What happens if get a low appraisal that comes in below your purchase price? This could turn into a nightmare scenario, but there is a seasoned approach to handling a low appraisal. First, we’ll look at the immediate consequences, and then we’ll look at the solutions.

Low Appraisal

What a Low Appraisal Means

It does not happen very often, but once in a great while a low appraisal comes in below the purchase price. When that happens, the contract language provides options for the buyer and seller. Upon receiving a low appraisal, the buyer issues a Notice of Low Appraisal to the seller. The Notice of Low Appraisal presents the seller with three options:

Option 1: Seller hereby gives notice that a reappraisal or reconsideration of value has been completed in an amount not less than the Purchase Price. Buyer shall promptly seek lender’s approval of the reappraised or reconsideration of value.

Option 2: Seller hereby consents to reduce the Purchase Price to $______ (an amount not more than the amount specified in the appraisal or reappraisal by the original appraiser, or an appraisal by another appraiser acceptable to Buyer’s lender, whichever is higher).

Option 3: Seller hereby gives notice that Seller rejects Buyer’s notice of low appraiser and (1) will not cause a reappraisal or reconsideration of value to be completed; and (2) does not consent to a reduction of the Purchase Price.

Overcoming a Low Appraisal

While these look like logical options for a seller, and they are, there really is only one practical option for a seller in this real estate market: lower the price to match the low appraisal value. Why is this the only practical option? 

I represented a buyer in the purchase of their home in Sequim, and the appraisal came in $30,000 less than the agreed price, which was just under $400,000. That was a surprise to all of us. The sellers were quite disappointed naturally, but here’s why their only practical remedy was to accept the lower price.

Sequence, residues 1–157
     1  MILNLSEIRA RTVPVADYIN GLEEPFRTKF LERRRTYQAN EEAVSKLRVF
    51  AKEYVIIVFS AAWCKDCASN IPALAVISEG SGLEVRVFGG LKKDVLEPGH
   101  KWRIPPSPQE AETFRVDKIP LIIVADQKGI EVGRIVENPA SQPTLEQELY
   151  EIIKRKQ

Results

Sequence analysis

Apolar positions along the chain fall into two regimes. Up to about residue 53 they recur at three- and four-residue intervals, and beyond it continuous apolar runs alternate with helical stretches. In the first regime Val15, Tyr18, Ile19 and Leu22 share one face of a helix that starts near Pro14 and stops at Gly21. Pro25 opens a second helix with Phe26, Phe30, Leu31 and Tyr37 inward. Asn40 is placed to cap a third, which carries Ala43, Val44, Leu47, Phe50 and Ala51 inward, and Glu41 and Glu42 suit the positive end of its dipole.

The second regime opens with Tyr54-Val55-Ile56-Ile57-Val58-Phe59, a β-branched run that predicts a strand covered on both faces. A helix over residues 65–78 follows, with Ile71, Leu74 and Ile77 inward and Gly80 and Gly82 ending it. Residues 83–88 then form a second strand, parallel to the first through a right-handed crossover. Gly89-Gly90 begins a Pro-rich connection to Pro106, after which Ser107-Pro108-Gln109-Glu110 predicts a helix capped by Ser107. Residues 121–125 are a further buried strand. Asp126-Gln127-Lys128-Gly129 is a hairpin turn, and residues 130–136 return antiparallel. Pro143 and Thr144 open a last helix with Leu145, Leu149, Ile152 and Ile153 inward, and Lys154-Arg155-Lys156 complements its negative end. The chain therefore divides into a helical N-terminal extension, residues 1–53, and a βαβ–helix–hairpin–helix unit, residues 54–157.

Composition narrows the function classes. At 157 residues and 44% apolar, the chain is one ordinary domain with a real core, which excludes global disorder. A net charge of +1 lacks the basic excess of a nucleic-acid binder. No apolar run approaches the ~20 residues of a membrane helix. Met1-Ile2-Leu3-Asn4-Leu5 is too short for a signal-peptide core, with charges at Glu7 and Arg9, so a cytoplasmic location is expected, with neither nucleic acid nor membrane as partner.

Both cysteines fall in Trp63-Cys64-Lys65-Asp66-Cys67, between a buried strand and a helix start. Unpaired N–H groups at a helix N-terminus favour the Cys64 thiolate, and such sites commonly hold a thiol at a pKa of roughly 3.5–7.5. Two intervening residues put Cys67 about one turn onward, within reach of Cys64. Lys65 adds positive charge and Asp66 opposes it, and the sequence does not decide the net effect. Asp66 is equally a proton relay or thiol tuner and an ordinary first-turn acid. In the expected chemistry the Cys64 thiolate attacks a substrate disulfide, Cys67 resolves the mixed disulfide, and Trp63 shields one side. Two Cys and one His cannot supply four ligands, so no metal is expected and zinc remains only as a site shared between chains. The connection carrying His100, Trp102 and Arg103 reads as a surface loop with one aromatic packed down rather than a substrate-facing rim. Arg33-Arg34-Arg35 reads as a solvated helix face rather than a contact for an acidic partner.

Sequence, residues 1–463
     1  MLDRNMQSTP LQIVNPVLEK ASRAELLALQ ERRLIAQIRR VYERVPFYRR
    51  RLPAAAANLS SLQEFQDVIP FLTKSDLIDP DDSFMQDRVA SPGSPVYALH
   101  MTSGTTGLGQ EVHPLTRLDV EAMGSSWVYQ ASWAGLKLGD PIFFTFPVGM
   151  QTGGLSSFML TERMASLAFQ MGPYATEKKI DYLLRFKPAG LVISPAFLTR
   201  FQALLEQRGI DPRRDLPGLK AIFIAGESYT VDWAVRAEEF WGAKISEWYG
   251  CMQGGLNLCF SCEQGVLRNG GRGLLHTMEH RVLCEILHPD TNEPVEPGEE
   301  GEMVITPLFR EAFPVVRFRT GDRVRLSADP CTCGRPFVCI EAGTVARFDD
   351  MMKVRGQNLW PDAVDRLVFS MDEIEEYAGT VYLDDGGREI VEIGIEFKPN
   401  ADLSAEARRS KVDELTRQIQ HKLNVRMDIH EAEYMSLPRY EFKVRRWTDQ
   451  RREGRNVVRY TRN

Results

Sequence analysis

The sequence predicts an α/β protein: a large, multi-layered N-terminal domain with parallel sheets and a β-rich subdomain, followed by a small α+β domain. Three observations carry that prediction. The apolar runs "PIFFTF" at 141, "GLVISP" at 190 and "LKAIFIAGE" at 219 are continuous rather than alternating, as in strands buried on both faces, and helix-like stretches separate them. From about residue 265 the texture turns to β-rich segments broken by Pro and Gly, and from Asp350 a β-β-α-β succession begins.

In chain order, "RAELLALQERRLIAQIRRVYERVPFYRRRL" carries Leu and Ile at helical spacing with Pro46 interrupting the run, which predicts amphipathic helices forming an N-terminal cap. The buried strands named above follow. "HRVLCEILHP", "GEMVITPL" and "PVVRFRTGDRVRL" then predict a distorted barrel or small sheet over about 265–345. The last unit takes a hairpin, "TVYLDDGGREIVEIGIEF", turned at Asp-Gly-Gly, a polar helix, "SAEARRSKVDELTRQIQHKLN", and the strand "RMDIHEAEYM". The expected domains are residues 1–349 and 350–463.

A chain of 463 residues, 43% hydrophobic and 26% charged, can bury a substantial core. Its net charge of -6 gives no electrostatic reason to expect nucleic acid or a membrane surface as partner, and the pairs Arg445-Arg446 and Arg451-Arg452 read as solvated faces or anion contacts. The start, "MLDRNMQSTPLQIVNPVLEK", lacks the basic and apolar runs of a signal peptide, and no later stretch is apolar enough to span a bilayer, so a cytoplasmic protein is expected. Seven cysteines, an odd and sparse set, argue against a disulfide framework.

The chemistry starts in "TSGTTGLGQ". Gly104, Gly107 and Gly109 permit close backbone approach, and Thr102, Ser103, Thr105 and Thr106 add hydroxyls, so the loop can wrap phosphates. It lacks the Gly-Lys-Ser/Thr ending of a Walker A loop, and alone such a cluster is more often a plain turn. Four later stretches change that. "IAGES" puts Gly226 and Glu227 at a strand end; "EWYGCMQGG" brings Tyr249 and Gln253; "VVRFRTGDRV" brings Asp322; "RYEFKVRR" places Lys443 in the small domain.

The buyer’s lender will only extend a loan based on the loan to value ratio (i.e. 80%) of the purchase price or the appraisal value, whichever is lower. The only way a buyer could pay a higher price above the appraised value is if the buyer came up with the additional cash for the difference. In this case, the buyer would have to come up with their 20% down payment of the appraised value plus an additional $30,000 in cash to make up the difference. That simply doesn’t work for most buyers, and buyers would generally be adverse to paying more than the appraised value anyway.

If a seller chooses the reappraisal option, the entire closing will have to be extended for weeks to have time for another appraiser to come in and then what do you get? You get a second appraisal that probably comes in fairly close to the first appraisal since they are using the same sales comps and replacement costs in their evaluation. If the second appraisal comes in higher, you would still have the challenge of getting the buyer’s lender (the underwriter) to accept the second appraisal, and that simply may not happen. Meanwhile everyone’s plans have been delayed by weeks, and the buyer’s are in a nightmare scenario, because they have no place to live during all of this, and the seller’s probably packed everything up in boxes and are practically moved out of the home. In addition, the sellers are also probably buyers for a home where they intend to move to, and that is means they have another pending transaction that will have to have the closing date extended, and that might not work for those sellers.

In my buyer’s transaction, the sellers did agree to reduce the price by $30,000, and everyone will be able to move on with their plans. A low appraisal is rare, but when it does happen, it is unfortunate for the sellers especially. The practical solution in most cases of a low appraisal is for the sellers to agree to reduce the price. There are exceptions to this rule, but those exceptions are as rare as the low appraisal itself.

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